Karim al-Banna, 21, saw the beginning of his troubles after his name appeared in a local daily newspaper on a list of atheists after writing a Facebook post declaring he was an atheist, which led to him being harassed by locals, according to the AFP. After attempting to file a complaint with a local police department, he was accused of insulting Islam by authorities and arrested. Egypt’s constitution outlaws insults against Islam, Christianity, and Judaism — the three recognized monotheist religions in that country.
Authorities in Egypt have reportedly stepped up measures to counter atheism, the AFP notes, including organising workshops to counter atheism.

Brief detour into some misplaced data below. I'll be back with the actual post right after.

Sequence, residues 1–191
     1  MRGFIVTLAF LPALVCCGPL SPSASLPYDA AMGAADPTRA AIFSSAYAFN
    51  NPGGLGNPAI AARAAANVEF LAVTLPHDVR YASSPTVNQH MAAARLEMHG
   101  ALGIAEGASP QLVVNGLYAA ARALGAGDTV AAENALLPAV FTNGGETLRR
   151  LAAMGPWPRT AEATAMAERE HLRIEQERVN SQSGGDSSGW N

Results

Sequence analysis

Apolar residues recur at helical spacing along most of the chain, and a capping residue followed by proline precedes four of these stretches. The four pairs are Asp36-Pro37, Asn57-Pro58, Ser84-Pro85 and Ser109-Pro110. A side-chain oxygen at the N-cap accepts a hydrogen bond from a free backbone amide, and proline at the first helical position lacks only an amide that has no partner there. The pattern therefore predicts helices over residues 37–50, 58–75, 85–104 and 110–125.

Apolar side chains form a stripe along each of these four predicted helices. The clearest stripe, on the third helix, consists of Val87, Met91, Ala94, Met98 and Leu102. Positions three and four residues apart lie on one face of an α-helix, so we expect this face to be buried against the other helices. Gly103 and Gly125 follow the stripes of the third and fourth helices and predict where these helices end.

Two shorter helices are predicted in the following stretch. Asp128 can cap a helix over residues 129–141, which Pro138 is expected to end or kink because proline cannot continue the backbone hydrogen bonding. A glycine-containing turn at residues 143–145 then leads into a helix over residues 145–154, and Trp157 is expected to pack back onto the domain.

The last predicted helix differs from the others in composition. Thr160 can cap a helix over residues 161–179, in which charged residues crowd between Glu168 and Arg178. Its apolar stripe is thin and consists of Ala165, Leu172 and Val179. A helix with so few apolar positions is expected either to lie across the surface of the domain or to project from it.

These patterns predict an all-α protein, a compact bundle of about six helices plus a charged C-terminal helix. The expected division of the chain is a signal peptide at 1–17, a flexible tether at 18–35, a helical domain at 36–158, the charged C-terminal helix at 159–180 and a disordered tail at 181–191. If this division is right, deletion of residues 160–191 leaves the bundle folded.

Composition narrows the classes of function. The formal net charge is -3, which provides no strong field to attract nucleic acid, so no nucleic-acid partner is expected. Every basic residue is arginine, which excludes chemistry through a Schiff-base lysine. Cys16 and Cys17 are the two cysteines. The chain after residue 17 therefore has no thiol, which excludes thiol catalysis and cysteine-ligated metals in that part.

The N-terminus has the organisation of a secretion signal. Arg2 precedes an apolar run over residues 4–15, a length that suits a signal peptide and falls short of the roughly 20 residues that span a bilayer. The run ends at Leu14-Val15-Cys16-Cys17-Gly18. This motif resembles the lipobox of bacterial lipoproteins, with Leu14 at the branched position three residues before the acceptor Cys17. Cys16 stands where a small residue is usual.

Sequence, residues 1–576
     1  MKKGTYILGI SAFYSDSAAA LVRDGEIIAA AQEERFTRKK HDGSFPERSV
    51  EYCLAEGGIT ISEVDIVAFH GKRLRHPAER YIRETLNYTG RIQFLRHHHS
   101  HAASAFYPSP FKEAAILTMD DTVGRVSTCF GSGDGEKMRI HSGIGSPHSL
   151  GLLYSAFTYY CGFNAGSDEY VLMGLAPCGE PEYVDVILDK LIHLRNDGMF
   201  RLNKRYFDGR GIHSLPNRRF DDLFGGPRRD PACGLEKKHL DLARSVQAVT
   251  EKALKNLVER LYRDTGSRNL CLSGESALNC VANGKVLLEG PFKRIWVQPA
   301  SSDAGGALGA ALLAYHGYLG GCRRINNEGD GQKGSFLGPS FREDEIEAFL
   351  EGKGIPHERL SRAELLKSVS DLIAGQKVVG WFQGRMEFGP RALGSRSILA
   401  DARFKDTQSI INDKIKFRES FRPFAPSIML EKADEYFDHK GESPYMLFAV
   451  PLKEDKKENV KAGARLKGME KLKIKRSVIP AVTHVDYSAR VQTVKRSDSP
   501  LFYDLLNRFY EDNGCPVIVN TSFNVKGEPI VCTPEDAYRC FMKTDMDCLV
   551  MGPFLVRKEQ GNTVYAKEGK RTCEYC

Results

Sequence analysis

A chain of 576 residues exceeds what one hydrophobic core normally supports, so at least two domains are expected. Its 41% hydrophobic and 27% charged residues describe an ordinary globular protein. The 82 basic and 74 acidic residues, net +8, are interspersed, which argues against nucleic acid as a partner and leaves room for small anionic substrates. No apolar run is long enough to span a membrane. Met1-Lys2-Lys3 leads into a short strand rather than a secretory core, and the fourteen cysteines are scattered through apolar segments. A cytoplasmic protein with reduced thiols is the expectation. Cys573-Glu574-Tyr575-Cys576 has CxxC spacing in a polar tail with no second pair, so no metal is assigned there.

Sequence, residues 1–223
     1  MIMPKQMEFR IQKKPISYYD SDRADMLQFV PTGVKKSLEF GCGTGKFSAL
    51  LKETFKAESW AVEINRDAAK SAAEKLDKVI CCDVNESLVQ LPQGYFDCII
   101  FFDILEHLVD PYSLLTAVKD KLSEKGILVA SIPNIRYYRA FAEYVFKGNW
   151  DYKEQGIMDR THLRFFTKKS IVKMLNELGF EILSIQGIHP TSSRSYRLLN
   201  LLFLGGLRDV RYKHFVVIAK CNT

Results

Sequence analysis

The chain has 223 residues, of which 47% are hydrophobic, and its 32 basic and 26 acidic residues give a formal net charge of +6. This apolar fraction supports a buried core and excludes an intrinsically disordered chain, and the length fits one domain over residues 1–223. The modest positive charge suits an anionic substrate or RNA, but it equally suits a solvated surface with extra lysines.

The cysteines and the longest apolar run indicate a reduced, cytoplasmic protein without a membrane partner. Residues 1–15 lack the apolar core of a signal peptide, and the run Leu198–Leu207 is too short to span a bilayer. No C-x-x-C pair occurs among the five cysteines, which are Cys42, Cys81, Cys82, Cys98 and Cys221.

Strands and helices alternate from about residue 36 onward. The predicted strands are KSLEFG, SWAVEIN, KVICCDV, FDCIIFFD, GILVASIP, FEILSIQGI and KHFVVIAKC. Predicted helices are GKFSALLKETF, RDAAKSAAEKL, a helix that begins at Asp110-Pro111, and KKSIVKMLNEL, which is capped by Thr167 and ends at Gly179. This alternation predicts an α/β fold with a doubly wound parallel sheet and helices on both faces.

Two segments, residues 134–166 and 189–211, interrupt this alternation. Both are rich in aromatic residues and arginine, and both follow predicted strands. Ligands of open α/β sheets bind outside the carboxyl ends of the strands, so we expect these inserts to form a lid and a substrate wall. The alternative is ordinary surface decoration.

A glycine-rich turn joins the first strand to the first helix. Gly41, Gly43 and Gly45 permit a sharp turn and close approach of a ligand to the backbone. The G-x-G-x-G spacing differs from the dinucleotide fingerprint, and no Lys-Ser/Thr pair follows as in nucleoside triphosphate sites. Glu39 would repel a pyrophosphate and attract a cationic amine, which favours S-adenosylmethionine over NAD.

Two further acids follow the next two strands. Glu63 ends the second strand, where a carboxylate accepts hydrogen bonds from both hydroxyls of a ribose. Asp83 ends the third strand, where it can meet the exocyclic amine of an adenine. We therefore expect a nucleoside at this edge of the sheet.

“If he pays a bail of 1,000 Egyptian pounds ($ 140 or 117 euros), the sentence can be suspended until a verdict is issued by an appeals court,” said al-Banna’s lawyer Abdel Nabi. An appeal for his case will be heard on March 9.
Several other jail sentences have occurred as a result of people speaking out against Islam, Sharia, and religion in general. They include blogger Alber Saber, 27, who was sentenced to three years in jail on charges of blasphemy in December of 2012, and a Coptic Christian who was sentenced to six years in jail in June of 2014 for insulting Islam.
Egyptian President Abdel Fattah al-Sisi recently called for a “religious revolution” and reformation within Islam; a call for modernization and assimilation into the modern day and times, while calling out fundamentalists who still follow in suit with Islamic law (Sharia) and traditions that were chiseled in stone centuries ago.